This event is part of our Past Programme
This panel discussion, which coincides with the COP26 Conference in Glasgow, brings together artists Tega Brain and Emilija Škarnulytė to reflect on climate change. In respective projects like Asunder (2019) and Eternal Return (2021), the two artists use moving image, installation and digital technology to consider the current environmental condition. Featured here in this regard, they will consider the impact of photography and contemporary art -— not just in raising awareness of the issue but in creating meaningful connections to climate change and in triggering new imageries that can stir us into action. This discussion will be moderated by curator Marlies Wirth (MAK, Vienna, Austria).
Tega Brain is an Australian-born artist and environmental engineer whose work examines issues of ecology, data systems and infrastructure. She has created wireless networks that respond to natural phenomena, systems for obfuscating fitness data, and an online smell-based dating service. Her work has been shown widely including in the Vienna Biennale for Change and the Guangzhou Triennial. Her first book, Code as Creative Medium (2021), is co-authored with Golan Levin and published with MIT Press.
Emilija Škarnulytė is a nomadic visual artist and filmmaker. Working between documentary and the imaginary, Škarnulytė makes films and immersive installations exploring deep time and invisible structures, from the cosmic and geologic to the ecological and political. Winner of the 2019 Future Generation Art Prize, Škarnulytė represented Lithuania at the XXII Triennale di Milano and was included in the Baltic Pavilion at the 2018 Venice Biennale of Architecture. With solo exhibitions at Tate Modern (2021), Kunsthaus Pasquart (2021), Den Frie (2021), National Gallery of Art in Vilnius (2021), CAC (2015) and Kunstlerhaus Bethanien (2017), she has participated in group shows at Ballroom Marfa, Seoul Museum of Art, Kadist Foundation, and the First Riga Biennial. Her numerous prizes include the Kino der Kunst Project Award, Munich (2017); Spare Bank Foundation DNB Artist Award (2017), and the National Lithuanian Art Prize for Young Artists (2016). Her films are at IFA, Kadist Foundation and Centre Pompidou collections and have been screened at the Serpentine Gallery, UK, the Centre Pompidou, France and in numerous film festivals including in Rotterdam, Busan, and Oberhausen. She is a founder and currently co-directs Polar Film Lab, a collective for analogue film practice located in Tromsø, Norway and is a member of artist duo New Mineral Collective, recently commissioned for a new work by the First Toronto Biennial.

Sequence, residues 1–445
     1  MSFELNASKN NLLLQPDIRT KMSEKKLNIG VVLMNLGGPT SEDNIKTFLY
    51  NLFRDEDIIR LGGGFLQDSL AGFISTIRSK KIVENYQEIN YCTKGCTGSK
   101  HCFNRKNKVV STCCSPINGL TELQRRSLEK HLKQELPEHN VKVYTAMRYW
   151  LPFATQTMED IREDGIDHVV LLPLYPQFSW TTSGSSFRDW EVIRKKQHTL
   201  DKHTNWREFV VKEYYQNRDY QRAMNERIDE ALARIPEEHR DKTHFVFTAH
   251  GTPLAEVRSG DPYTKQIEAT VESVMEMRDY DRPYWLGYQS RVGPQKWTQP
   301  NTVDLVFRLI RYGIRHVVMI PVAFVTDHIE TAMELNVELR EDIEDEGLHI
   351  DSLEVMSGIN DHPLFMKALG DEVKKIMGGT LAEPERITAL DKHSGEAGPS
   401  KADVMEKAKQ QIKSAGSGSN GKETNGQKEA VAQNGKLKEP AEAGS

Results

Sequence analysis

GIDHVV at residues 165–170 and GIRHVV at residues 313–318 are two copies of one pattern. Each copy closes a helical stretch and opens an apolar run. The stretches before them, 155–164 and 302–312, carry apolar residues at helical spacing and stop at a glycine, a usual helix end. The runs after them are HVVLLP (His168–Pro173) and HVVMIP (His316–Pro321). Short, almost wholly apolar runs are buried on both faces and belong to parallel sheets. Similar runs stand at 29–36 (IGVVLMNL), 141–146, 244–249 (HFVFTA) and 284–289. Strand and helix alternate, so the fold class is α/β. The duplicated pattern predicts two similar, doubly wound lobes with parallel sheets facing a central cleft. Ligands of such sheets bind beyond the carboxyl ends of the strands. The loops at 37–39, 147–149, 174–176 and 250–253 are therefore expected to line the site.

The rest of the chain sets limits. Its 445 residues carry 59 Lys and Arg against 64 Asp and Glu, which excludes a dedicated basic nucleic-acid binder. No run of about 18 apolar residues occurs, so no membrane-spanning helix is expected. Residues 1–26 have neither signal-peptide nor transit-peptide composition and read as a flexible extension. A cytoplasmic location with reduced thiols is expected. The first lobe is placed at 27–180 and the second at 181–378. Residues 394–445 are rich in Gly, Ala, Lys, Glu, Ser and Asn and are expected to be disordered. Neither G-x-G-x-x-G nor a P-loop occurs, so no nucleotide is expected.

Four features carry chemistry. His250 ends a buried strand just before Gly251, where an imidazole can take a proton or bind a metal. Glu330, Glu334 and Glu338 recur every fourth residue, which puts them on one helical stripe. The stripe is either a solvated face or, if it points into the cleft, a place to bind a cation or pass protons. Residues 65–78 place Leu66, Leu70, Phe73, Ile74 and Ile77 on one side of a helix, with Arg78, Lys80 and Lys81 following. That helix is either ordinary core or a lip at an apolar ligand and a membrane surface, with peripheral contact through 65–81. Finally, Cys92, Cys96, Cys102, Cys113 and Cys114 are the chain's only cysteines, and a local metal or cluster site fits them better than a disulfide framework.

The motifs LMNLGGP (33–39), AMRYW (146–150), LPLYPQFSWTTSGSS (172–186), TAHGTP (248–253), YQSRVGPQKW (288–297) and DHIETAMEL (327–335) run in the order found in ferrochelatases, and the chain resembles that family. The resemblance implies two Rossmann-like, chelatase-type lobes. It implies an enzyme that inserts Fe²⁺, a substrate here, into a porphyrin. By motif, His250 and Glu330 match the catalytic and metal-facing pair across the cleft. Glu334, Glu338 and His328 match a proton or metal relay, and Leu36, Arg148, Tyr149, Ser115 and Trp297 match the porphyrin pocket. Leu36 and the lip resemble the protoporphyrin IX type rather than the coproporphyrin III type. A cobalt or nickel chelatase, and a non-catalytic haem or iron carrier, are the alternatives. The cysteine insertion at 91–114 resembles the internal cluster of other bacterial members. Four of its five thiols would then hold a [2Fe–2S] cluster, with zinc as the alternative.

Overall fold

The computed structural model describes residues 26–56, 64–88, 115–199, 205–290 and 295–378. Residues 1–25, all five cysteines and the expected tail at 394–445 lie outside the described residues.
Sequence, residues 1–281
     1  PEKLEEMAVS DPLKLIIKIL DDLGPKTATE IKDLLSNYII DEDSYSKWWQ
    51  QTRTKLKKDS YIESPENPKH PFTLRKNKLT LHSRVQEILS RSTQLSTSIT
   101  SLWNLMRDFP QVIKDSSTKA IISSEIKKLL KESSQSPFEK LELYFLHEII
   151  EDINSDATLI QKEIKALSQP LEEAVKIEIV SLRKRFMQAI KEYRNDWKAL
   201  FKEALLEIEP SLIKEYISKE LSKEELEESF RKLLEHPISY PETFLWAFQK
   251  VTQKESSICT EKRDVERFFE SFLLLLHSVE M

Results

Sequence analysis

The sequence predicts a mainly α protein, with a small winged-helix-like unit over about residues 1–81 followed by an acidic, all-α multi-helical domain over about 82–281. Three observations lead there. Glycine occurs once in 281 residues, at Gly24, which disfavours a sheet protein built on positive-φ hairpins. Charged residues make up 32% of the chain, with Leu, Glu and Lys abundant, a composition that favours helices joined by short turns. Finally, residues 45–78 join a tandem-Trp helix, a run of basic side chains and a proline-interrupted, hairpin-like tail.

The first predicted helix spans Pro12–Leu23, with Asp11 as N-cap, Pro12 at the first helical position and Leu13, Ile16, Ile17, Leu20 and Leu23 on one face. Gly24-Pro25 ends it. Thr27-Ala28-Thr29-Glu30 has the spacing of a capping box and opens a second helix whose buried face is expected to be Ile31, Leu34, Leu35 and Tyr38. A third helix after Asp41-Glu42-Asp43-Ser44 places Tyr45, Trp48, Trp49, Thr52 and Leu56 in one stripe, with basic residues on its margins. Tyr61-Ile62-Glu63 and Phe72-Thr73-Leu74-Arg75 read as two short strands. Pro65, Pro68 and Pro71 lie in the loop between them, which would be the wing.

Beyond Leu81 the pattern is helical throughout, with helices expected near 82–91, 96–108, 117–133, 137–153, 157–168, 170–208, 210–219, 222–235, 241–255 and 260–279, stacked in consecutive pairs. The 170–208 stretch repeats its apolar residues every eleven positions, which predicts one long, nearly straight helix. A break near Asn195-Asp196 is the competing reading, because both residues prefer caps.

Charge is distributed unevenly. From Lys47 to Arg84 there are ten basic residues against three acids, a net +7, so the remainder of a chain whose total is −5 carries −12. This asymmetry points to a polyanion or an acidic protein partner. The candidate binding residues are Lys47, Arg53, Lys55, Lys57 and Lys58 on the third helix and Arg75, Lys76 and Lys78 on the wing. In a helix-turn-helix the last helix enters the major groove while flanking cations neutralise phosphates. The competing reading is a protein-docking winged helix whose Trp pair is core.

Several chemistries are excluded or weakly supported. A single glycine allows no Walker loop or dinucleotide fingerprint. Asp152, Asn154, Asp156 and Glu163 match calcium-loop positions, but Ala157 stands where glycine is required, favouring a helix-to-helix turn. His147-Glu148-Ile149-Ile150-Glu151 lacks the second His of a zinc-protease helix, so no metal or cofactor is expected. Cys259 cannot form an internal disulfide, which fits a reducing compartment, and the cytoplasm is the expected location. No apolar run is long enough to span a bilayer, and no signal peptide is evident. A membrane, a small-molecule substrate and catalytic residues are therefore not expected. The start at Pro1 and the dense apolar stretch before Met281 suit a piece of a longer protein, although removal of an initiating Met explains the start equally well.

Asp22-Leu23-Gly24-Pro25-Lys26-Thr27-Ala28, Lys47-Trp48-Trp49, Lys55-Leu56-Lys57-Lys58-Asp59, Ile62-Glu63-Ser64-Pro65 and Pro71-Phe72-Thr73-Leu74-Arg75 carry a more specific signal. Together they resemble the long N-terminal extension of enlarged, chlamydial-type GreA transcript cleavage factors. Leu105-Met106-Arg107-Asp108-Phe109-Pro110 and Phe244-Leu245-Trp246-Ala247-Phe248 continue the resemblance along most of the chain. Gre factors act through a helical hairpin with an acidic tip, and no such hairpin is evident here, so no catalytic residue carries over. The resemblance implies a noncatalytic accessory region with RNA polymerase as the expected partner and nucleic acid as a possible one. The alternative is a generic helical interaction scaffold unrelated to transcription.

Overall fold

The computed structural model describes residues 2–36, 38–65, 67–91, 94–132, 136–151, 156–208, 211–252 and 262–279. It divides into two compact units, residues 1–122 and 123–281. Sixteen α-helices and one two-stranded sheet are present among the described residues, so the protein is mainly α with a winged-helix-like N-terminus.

Marlies Wirth is an art historian and curator based in Vienna, working at the MAK – Museum of Applied Arts, Vienna. As the Curator for Digital Culture she has a key role in the programming of the VIENNA BIENNALE (2015 – 2021) and is head of the MAK Design Collection. She curates exhibitions and programs in the fields of art, design, architecture, and technology and is regularly a member of international art and design juries. Recent exhibitions include INVOCATION FOR HOPE. A Commission by Superflux (2021), CLIMATE CARE. Reimagining Shared Planetary Futures (2021), FOSTER and Dark Euphoria (2021), UNCANNY VALUES. Artificial Intelligence & You (2019), ARTIFICIAL TEARS (2017), and the re-installation of the MAK DESIGN LAB in 2019. Focusing on conceptual art and cultural anthropological contexts of artistic production, she also develops independent exhibition projects and writes texts and essays for publications.